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Level-up your organisation with DevSecOps practices & Chaos Engineering: Nik Jain

Nik apprehends that it has been more and more evident that DevOps and SRE (Modern Ops Teams) have inadvertently conflicting goals. This unintended tussle results in costly downtimes and degraded user experience that causes erosion in customer confidence and revenue leakages. He addresses how enabling automated quality gates (SLO-based) or gate-keeping mechanisms that automatically assess the quality of software features/release will help in providing developers early intervention with prescriptive feedback surrounding improvements and optimization by skipping unnecessary and expensive production war rooms.

The fun doesn’t stop here, he also puts light on how you can also consider incorporation of security gates in DevOps processes to enable DevSecOps that help detect Log4j vulnerability like situations in continuous and automated fashion with an all-encompassing full stack agent which helps shift left from a reactive SecOps-only approach to early risk detection, mitigation and management. He showcases the good practices surrounding DevSecOps and Chaos Engineering along with adding Chaos Engineering to the mix for added business resilience to help SREs develop muscle memory that help remediate issues faster and prepare better for preempted and unexpected production issues (known and unknown unknowns). His talk aims to benefit developers, release train engineers, engineering management (VPs/CTO/Mgrs), SRE, Testers, Chaos engineers and more.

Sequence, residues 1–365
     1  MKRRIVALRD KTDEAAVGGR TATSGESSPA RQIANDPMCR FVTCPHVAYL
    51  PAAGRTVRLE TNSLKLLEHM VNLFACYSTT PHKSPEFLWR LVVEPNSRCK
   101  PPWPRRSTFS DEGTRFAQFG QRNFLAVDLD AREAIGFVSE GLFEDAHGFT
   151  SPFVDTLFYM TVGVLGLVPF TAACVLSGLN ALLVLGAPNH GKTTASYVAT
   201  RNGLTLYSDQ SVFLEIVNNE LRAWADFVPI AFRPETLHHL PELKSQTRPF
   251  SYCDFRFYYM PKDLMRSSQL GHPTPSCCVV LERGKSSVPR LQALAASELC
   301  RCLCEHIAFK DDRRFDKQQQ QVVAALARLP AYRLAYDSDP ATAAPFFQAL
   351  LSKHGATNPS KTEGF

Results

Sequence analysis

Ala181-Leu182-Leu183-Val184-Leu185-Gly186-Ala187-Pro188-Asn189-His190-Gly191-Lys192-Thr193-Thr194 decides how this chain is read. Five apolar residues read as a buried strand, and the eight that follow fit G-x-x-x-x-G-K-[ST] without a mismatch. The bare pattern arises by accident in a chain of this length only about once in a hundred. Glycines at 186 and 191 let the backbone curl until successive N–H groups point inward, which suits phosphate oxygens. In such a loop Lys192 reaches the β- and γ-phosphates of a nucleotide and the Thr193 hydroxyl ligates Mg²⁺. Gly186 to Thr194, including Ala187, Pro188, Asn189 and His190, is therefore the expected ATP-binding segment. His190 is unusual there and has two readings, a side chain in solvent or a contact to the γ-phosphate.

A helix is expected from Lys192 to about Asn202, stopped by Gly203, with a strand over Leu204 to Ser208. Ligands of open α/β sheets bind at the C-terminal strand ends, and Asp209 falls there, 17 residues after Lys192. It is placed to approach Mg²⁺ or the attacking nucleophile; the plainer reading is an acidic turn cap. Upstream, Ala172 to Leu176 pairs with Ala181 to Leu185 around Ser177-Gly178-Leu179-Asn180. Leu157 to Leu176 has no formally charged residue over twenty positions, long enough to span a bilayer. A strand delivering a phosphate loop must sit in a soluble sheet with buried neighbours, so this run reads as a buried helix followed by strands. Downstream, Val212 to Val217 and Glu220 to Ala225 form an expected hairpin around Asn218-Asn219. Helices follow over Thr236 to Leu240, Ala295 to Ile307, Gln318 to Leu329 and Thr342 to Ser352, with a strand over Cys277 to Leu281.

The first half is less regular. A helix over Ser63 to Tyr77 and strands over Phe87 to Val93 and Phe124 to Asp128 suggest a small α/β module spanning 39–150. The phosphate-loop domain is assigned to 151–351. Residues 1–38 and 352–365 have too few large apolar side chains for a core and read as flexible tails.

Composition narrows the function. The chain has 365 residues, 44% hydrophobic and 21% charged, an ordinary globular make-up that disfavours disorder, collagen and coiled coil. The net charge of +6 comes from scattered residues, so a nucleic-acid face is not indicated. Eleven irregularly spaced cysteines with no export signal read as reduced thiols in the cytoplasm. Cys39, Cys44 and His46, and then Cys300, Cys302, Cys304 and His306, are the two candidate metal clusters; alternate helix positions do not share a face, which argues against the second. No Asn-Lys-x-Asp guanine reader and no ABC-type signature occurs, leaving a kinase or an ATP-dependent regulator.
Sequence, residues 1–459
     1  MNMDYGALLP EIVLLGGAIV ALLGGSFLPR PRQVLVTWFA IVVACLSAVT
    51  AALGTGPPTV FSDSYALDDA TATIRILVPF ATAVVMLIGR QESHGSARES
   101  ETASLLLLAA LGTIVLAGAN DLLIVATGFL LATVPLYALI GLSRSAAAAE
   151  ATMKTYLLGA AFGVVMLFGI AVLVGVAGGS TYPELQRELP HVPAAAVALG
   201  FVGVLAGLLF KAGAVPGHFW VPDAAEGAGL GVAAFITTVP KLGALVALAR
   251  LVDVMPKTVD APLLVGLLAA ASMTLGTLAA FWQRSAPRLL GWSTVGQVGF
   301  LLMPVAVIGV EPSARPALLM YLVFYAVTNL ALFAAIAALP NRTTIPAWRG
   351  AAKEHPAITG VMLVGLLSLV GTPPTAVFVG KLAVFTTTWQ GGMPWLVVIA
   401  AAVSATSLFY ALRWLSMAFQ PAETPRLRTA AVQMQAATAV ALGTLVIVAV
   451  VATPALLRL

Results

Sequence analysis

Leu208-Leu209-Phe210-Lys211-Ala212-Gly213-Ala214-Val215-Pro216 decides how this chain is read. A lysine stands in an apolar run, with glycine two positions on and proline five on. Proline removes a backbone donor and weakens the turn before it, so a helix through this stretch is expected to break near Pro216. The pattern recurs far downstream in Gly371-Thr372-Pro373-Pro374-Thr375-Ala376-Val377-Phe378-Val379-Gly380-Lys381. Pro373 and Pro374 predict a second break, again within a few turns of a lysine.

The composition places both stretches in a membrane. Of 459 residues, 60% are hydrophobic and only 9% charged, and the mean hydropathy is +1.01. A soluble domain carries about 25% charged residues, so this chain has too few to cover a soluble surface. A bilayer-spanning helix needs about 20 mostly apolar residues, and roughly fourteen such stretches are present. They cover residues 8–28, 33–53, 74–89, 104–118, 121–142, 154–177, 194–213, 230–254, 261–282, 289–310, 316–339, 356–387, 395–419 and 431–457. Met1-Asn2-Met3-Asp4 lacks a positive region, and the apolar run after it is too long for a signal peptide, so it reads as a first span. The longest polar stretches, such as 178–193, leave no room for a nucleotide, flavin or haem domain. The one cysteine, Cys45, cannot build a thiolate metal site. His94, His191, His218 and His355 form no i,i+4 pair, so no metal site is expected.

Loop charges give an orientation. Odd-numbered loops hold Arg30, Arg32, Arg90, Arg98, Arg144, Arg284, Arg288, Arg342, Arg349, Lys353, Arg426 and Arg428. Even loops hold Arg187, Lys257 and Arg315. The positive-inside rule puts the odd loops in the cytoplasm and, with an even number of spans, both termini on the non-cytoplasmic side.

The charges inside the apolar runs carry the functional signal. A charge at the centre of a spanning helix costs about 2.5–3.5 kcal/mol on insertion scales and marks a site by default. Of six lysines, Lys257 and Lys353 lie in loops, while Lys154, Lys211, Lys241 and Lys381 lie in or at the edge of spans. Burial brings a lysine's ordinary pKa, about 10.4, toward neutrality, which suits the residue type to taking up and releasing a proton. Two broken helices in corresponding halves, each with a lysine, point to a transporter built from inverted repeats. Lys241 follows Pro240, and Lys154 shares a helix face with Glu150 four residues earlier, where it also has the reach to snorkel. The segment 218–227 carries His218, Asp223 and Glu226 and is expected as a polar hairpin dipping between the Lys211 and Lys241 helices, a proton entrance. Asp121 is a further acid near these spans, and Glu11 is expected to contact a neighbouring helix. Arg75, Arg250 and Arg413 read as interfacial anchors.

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Configuring Kubernetes for Reliability with LitmusChaos: Michael Knyazev

Michael begins the talk by highlighting why Chaos Engineering practises are relevant for maintaining an effective CI/CD pipeline that ensures system reliability. However, Chaos Engineering experiments are traditionally time-consuming and potentially unsafe to run as they can have severe undesirable effects. Hence automating Chaos Engineering for safe execution of chaos is emphasised along with informative logging for best QA practises.

He puts light on how LitmusChaos is helpful in covering all these requirements. It can be used along with the ChaosCenter or using just the Litmus chaos-operator. ChaosCenter can manage all the different aspects of managing chaos engineering at scale and as a collaborative practice. ChaosCenter makes use of Argo workflows which is a popular choice for orchestrating chaos workflow task containers in Kubernetes.

There are open sourced blueprints of Chaos Workflows available which can be used as the base templates for the various Chaos Engineering scenarios. The reliability pipelines are fully Kubernetes native. For example, Jenkins can be used to trigger the reliability pipelines.

In the second part of the talk, Michael discusses technical implementation details of the reliability pipelines. As a technical demonstration, Michael refers to a Jenkinsfile that configures a reliability pipeline to be run. It contains the various stages that configure the workflow to be run.